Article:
Fires almost destroyed downtown YS


Yellow Springs has been a busy community for many years, but during the last years of the 19th century, three major fires threatened to put an end to the downtown section of the village.

The first major fire occurred on Nov. 6, 1891 when businesses on Dayton Street went up in smoke.

On May 6, 1895 nine business houses which fronted on the railroad (Corry Street between Xenia and Dayton avenues were burned to the ground and buildings across Corry and Dayton streets were badly damaged.

What was perhaps the worst of the three took place on July 25, 1895. This time it was businesses on Xenia Avenue which took the brunt of the fire damage.

The local paper, the Yellow Springs Torch, eloquently published the following headline: “SWEPT BY FLAME! Once More the Fire Fiend Is Upon Us. And with Reeking Red Tongues Licks Up a Whole Square of Buildings, Stopping Only When a Providential change of the Wind Turns Back the Tide of Wreck and Ruin.”

Story continued: “The greatest conflagration that ever visited Yellow Springs came in devastating fury last Monday leaving in its track a desolated mass of ruins, blackened chimney stacks, ghosts of trees stripped of the fresh tender foliage of Spring and yawning holes filled with twisted and seared iron roofing and heaps of smoldering ashes to mark the place where a whole block of buildings stood, wiping out in a brief space of time historic landmarks of the town as well as some of the buildings which had stood as monuments of local enterprise and progress; changing in a twinkling and for all time the whole appearance of the village as she used to be, but never will be again.”

It was just after 12 p.m. when the fire was discovered in the grain elevator. The flames shot quickly into the air as high as 75 feet. The alarm was sounded by the Presbyterian Church bell and telephone calls were made to Xenia and Springfield for assistance.

The Springfield and Xenia fire crews arrived too late to save the structures but were able to keep the homes across the street from catching fire. Both crews arrived in an amazing time of only nine minutes for the nine-mile run. The Xenia truck was sent via a railroad flat car.

The firemen placed their engines near the creek, but the pumps failed to work properly, perhaps because of the great distance and steep cliff over which the hoses were laid.

The reporter continued “The black smoke … and red flames enveloped the doomed building; great sheets of red hot roofing would burst off and go sailing downward and away, endangering the lives of the fast-growing crowd of awe-stricken spectators, until the great building having been entirely gutted by flames fell inward on itself with a resounding crash, leaving nothing but the great chimney to mark the place where our new elevator stood.

At that time, there was no fire department in the village and no way to fight the flames short of throwing buckets of water at the fire, but this was to no avail. The fire spread too quickly.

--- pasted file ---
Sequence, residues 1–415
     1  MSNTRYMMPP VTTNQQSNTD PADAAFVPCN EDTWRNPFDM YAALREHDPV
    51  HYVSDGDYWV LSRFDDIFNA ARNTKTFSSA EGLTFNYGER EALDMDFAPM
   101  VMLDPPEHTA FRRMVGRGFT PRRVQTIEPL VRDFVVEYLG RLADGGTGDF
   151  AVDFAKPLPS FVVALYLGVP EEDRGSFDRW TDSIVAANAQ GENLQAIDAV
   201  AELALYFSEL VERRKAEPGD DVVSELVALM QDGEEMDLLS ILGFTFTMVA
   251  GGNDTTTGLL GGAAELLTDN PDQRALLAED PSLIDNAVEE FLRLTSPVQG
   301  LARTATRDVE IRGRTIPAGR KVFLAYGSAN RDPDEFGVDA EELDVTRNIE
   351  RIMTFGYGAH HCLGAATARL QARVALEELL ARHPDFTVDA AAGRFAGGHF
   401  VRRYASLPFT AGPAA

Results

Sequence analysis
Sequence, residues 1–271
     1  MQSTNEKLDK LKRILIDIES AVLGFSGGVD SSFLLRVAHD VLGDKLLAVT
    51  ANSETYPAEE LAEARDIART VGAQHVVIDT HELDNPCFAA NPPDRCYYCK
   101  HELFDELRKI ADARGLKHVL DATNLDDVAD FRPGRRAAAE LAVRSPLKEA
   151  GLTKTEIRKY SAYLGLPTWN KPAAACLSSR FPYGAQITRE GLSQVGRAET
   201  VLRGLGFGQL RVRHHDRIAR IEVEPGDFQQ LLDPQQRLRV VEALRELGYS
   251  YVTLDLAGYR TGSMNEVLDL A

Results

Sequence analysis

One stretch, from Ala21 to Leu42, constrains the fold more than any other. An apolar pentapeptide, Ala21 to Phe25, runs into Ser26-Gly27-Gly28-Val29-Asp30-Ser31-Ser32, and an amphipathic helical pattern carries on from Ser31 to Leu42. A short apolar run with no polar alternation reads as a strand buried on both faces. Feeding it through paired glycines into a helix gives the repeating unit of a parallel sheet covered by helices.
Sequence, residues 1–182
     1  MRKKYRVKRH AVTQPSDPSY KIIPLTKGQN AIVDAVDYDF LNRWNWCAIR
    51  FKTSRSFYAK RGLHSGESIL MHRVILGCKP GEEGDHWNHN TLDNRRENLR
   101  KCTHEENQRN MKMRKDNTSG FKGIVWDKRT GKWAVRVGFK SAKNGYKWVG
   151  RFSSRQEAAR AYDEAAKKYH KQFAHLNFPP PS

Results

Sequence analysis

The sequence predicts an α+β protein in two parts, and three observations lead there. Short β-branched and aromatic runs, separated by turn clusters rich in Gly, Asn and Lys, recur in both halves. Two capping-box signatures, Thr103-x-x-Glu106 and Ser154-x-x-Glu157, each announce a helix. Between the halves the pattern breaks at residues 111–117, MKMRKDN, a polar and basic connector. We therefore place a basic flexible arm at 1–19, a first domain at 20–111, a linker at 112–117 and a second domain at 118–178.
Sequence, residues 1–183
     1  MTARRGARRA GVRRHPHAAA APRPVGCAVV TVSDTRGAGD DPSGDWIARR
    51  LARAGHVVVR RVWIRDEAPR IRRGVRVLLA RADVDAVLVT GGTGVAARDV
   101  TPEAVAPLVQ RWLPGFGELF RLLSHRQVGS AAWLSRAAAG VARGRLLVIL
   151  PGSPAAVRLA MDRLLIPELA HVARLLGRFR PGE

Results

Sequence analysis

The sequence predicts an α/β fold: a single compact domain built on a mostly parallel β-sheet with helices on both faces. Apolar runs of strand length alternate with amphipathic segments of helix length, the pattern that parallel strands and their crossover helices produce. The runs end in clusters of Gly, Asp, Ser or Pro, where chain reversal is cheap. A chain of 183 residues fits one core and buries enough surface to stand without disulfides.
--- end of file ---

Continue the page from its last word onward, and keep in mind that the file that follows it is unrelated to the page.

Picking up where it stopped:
One by one the buildings were engulfed including the old hotel and grocery building, the three-story brick building then owned by the Yellow Springs Buggy Company. There was a brick wall which slowed the progress of the flames somewhat, but the fire reached a frame workshop and on to the livery stable and progressed to demolish a frame home. It continued to the restaurant and residence which had been the old Methodist Church building. This had been the first building erected on that side of the creek around 1840.

Those who were near attempted to remove furniture and other items from the burning structures, but the flames continued and those items which had been brought to safety were again at risk and had to be moved farther from the growing flames.

“The post office contents were moved into the street leaving nothing in the office but the bare floor … It appeared … that the fire was bound to swallow the post office and take the whole west side of Xenia Ave., if not both sides, but the wind changed completely around …”

There was concern about the houses on Dayton Avenue as well. The roof of one of the buildings caught fire and in spite of the bucket brigade’s efforts, it might have burned down also, but the Springfield fire department managed to put out the flame. The plate glass windows suffered from the extreme heat and were cracked and broken. Nearly every window on that side of the street was broken or severely cracked because of the intense heat.

A later edition of the Torch reported that the fire had started in the Adit Bakery.

At that time, few businesses and residences had fire insurance. The damage was estimated to be between $13,000-15,000.

A free-will collection netted $66 for the visiting firemen, but they were not compensated. The Yellow Springs mayor felt it was an inadequate amount and asked the city council for additional funds which were not granted.

In spite of the fact that so much of the area was affected by the fire, injuries were at a minimum.

“Ed Carr, while working with the bucket brigade received a bad cut on the cheek by a bucket falling on him.”

Finally, the debris was cleared away and new structures took the places of the old.

Remembering the Trader sisters

Effie Corwin Trader and Louise King Trader were born in Xenia and moved to Cincinnati at an early age. Each of them had artistic talent. Effie was a painter who specialized in painting miniature portraits on ivory, while Louise was a singer. Together they started the Cincinnati School for the Blind and in 1901 established a library for the blind providing audible books and other useful materials for those who were sightless.

— Joan Baxter

Joan Baxter is a Greene County historian and resident.

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